Lymphoblastic lymphoma in children and adolescents: review of current challenges and future opportunities

Br J Haematol. 2019 Jun;185(6):1158-1170. doi: 10.1111/bjh.15793. Epub 2019 Feb 27.


Lymphoblastic lymphoma (LBL) is the second most common type of Non-Hodgkin Lymphoma (NHL) in childhood and adolescence, accounting for 25-35% of all cases. The majority, 70-80%, is of T-lymphoblastic origin while 20-25% arise from B lymphoblasts. With current therapy, the event-free and overall survivals for paediatric LBL patients now exceeds 80%. Therapy, especially in T-LBL with large mediastinal tumours, is challenging, with both significant morbidity and late sequela. An additional challenge is the dismal prognosis of patients with refractory or relapsed disease. This review article will focus on the growing knowledge of the pathogenesis and biology of LBL, recent advances and challenges in the therapy of LBL, and ongoing and future efforts and opportunities in optimizing therapy and developing novel targeted treatment approaches.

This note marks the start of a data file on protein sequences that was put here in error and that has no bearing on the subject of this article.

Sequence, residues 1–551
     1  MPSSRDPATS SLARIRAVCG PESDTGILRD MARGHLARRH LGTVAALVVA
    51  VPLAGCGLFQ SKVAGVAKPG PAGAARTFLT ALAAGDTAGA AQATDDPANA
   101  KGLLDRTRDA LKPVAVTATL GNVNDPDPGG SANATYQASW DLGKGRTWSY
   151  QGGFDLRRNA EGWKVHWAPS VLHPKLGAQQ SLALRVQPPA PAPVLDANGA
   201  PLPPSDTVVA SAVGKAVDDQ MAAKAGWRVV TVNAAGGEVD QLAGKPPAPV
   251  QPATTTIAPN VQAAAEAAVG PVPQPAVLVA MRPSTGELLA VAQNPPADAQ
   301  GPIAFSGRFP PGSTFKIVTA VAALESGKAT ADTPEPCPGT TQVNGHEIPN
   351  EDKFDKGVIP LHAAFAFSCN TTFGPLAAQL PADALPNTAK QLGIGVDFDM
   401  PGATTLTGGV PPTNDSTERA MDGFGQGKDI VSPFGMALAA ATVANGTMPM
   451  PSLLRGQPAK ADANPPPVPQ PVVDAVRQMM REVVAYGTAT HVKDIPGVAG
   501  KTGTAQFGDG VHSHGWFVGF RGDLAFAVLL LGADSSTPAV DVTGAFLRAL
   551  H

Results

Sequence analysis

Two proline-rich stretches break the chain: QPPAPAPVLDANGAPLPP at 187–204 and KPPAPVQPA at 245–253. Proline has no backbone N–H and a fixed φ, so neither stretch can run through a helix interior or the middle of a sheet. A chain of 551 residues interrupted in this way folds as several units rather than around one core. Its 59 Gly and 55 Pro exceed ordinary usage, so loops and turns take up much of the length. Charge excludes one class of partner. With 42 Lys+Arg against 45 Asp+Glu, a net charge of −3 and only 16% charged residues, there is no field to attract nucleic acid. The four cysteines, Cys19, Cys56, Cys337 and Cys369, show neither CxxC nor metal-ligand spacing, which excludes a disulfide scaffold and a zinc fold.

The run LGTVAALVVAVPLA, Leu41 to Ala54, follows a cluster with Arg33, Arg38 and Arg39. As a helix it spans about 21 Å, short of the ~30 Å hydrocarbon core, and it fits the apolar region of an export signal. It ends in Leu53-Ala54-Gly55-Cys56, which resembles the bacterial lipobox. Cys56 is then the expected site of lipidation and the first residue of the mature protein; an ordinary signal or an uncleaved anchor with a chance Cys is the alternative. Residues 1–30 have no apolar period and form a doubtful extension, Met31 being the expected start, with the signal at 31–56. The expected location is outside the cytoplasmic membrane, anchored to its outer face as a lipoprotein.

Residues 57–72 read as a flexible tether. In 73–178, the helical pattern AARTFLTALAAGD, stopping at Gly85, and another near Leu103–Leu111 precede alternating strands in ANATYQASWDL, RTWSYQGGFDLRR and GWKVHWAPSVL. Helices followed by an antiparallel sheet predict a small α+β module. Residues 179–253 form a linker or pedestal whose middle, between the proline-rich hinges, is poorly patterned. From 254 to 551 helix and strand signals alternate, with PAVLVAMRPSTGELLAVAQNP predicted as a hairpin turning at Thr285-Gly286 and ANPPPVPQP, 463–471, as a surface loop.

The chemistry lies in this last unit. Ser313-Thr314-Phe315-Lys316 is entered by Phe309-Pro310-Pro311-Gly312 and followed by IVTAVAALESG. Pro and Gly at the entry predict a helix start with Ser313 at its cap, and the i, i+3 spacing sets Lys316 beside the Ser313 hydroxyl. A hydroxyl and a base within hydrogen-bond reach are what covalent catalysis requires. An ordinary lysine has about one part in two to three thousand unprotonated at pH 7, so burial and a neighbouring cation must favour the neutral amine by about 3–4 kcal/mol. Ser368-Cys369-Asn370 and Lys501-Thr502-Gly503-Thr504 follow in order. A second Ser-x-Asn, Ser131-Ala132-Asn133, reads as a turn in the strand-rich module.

Keywords: adolescents; children; lymphoblastic lymphoma; precursor B cell; precursor T cell.

Publication types

  • Review

MeSH terms

  • Adolescent
  • Child
  • Combined Modality Therapy
  • Disease Management
  • Disease Susceptibility
  • Drug Resistance, Neoplasm
  • Humans
  • Neoplasm Staging
  • Phenotype
  • Precursor Cell Lymphoblastic Leukemia-Lymphoma / diagnosis*
  • Precursor Cell Lymphoblastic Leukemia-Lymphoma / epidemiology
  • Precursor Cell Lymphoblastic Leukemia-Lymphoma / etiology
  • Precursor Cell Lymphoblastic Leukemia-Lymphoma / therapy*
  • Recurrence
  • Symptom Assessment
  • Treatment Outcome